Small talk can be unpleasant, awkward, and even stressful — but it could also lead to new connections, meaningful conversations, learning new things and even unexpected opportunists if you know how to do it right. And the good news- Small talk is a skill and one that can be easily learned.
I, like most people, prefer having deeper and more meaningful discussions. I think I’m awesome when it comes to one-on-one conversation because I’m really interested in other people’s lives, I LOVE listening to stories and well yeah – I also love giving advice. But when it comes to simple small talk – just the thought of it makes my stomach turn a bit.
To start with- I hate talking about meaningless stuff. Come on, nobody cares about the weather unless you’re talking to a meteorologist and you’re wondering what to wear tomorrow. Also, I used to be bad at improvising answers (and questions) – having every semi-surprising question make my palms sweat. Yeah, ‘Small talk’ is not a small matter at all (no more size jokes, I promise…).
“Full talk” seems to have a better reputation when it comes to impacting our social life and relationships. Moreover, studies show that engaging in substantive conversations is linked to greater happiness and well-being.
But, small talk is not less important because it enhances social connections and creates better interaction that leads, in the end, to more substantial conversations. By the way, small talk is also important with people we already know. When you talk to someone about meaningless, even mundane daily stuff (like work gossip or a traffic jam) you allow the relationship to deepen in the sense of giving each other insight into your lives.
Yes, we have established already that no one actually cares about “small talk” subjects. But being indifferent about the conversation will immediately show and will make the conversation fade out slowly but surely. That’s why showing interest will make you a “small talk” pro.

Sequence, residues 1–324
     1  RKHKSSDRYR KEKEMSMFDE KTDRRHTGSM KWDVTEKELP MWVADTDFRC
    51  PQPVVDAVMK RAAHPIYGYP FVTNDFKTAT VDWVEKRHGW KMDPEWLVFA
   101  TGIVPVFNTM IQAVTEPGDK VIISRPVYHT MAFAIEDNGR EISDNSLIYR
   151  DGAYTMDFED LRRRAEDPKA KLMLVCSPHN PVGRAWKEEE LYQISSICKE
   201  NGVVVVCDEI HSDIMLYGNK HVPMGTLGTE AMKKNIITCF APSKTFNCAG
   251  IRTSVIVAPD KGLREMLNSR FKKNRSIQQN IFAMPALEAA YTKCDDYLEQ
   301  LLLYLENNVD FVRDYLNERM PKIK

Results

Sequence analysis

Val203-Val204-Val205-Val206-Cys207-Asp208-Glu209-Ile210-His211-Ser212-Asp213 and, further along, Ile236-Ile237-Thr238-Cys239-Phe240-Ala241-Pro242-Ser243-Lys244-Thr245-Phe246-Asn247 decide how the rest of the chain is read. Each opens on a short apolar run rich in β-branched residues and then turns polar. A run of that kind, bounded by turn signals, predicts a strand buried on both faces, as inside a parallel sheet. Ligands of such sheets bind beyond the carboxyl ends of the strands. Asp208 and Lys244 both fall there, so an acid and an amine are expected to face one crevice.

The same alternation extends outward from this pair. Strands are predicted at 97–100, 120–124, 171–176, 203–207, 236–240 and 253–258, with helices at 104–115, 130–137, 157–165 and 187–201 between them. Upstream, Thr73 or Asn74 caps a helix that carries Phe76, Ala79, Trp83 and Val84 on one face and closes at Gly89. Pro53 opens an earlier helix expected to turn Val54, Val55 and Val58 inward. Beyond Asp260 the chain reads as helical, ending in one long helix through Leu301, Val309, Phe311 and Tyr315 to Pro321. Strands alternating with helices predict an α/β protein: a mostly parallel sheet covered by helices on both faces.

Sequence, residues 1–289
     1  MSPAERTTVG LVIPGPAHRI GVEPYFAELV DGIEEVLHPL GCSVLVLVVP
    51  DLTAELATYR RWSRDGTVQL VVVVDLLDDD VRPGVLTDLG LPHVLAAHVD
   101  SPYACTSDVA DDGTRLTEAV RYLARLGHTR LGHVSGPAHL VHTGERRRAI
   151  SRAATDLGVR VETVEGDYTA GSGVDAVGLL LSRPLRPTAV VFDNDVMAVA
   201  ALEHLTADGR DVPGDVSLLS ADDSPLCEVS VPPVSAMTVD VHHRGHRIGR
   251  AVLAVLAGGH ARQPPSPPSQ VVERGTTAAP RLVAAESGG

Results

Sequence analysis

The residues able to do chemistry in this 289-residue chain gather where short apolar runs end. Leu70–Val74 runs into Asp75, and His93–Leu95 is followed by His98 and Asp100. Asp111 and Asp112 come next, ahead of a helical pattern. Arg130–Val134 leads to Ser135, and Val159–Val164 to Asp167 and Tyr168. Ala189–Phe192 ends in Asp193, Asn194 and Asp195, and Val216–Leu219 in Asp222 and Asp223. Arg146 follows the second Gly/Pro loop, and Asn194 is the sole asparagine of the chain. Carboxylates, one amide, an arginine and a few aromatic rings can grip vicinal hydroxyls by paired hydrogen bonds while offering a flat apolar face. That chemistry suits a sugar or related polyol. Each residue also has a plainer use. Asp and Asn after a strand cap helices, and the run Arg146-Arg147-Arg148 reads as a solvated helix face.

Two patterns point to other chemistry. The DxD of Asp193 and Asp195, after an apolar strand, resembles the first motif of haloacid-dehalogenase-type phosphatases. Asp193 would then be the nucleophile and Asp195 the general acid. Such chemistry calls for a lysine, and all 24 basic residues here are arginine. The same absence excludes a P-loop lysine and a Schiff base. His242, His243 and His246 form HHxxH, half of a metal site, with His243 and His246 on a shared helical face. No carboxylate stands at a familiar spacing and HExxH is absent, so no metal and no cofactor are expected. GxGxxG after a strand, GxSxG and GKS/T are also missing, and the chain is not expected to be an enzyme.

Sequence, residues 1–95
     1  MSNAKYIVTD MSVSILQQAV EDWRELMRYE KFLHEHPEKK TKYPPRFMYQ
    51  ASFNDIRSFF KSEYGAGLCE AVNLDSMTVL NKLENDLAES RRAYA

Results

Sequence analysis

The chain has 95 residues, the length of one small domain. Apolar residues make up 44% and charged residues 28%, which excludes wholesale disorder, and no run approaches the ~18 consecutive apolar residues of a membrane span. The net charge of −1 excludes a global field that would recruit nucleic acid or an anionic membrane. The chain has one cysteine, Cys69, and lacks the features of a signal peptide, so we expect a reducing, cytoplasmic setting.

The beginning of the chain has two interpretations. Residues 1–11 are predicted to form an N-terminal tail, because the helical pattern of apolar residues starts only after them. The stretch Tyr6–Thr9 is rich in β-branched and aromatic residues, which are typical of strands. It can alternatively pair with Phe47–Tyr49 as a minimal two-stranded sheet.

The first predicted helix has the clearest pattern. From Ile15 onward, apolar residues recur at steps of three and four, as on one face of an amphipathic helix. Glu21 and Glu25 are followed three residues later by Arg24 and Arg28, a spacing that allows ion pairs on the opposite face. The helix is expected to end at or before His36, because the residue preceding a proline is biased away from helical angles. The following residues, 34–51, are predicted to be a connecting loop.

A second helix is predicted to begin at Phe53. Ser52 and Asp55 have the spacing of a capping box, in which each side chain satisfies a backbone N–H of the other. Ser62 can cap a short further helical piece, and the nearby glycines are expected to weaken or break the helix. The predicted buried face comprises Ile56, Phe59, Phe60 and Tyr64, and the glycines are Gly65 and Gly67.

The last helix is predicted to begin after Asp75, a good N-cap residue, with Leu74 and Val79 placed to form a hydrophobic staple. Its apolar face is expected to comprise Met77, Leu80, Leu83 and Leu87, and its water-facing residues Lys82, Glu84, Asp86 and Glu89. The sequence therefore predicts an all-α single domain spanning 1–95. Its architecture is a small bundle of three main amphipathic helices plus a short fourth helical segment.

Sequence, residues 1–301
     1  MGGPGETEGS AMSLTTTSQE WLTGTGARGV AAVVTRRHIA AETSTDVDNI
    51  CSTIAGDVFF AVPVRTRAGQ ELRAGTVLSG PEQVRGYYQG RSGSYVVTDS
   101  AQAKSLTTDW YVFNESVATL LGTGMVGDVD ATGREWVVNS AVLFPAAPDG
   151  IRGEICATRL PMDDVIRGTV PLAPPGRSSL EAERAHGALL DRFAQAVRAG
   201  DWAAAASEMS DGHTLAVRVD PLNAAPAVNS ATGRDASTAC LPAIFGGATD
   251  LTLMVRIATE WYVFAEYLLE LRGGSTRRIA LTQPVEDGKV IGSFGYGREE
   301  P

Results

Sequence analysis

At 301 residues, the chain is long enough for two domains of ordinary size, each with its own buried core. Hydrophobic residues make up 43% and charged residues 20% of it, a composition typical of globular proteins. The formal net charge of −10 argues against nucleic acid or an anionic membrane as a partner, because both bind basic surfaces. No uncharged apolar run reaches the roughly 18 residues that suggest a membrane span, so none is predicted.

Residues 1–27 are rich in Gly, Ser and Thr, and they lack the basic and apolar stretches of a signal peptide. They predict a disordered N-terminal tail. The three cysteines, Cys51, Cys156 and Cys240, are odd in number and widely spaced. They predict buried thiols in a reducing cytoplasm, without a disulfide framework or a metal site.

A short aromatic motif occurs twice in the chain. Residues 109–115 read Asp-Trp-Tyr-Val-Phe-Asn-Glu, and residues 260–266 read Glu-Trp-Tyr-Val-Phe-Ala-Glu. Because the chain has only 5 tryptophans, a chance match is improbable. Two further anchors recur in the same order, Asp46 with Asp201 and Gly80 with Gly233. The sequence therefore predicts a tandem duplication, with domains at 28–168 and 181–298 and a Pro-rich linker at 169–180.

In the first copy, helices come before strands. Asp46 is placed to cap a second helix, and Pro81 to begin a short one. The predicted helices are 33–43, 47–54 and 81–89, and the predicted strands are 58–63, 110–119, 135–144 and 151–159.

First, lose the preconception that the conversation will be meaningless and approach it as an opportunity. Every new person you meet could be a potential friends/partner/client/could teach you something or could be the gateway to the next great thing. The beauty is that you can never know so approach every new person with excitement instead of anxiety.
Secondly, Channel your inner Curious George. People generally enjoy talking about themselves so asking them questions will always score you extra points. Try going pass the boring “where are you from?”, “what do you do for a living?” and try asking good questions like “Do you have any non-work related projects that you’re working on right now?” or “What are you reading/watching that might be interesting?” (More on how to ask good question coming up…).
If you’re in a social situation, nobody actually wants to talk about work stuff but they WILL be happy to chew your ear off about their saturday bike trips or their new camera.
Pro tip: people love hearing their own name. So, if possible, try to say their name at least twice during the conversation.
To keep the talk going you actually have to listen or, at least, give the impression that you’re listening. Nod your head occasionally, give a subtle emotional reacting every now and then – a little gasp with your eyes widely open – you know the drill…And of course – ask follow-up questions to keep the ball rolling.
But whatever you do – don’t spend the whole time they talk coming up with answers or thinking ‘OMG what am I going to say next?’- That’s not listening.
Take a deep breath and actually pay attention to what they’re saying (both verbally and otherwise). And if you get stuck with coming up with a good answer or at least a good follow up question – two of my favorite approaches are simply saying: “Tell me more” or just paraphrasing and reflecting on what they just said. These two strategies show the other person you genuinely care about what they have to say.
And PLEASE, resist the urge to hijack the conversation and immediately spin it back to you. “Oh, you like surfing? Me too! I just came back from a Sri Lanka…” NO! I know you only do it because you’re happy to find common ground and you’re super excited to talk about it (I know it because I used to do it all the time) but allow the other person to talk without interrupting them. Good advice in general if you’re as an impatient talker as I am.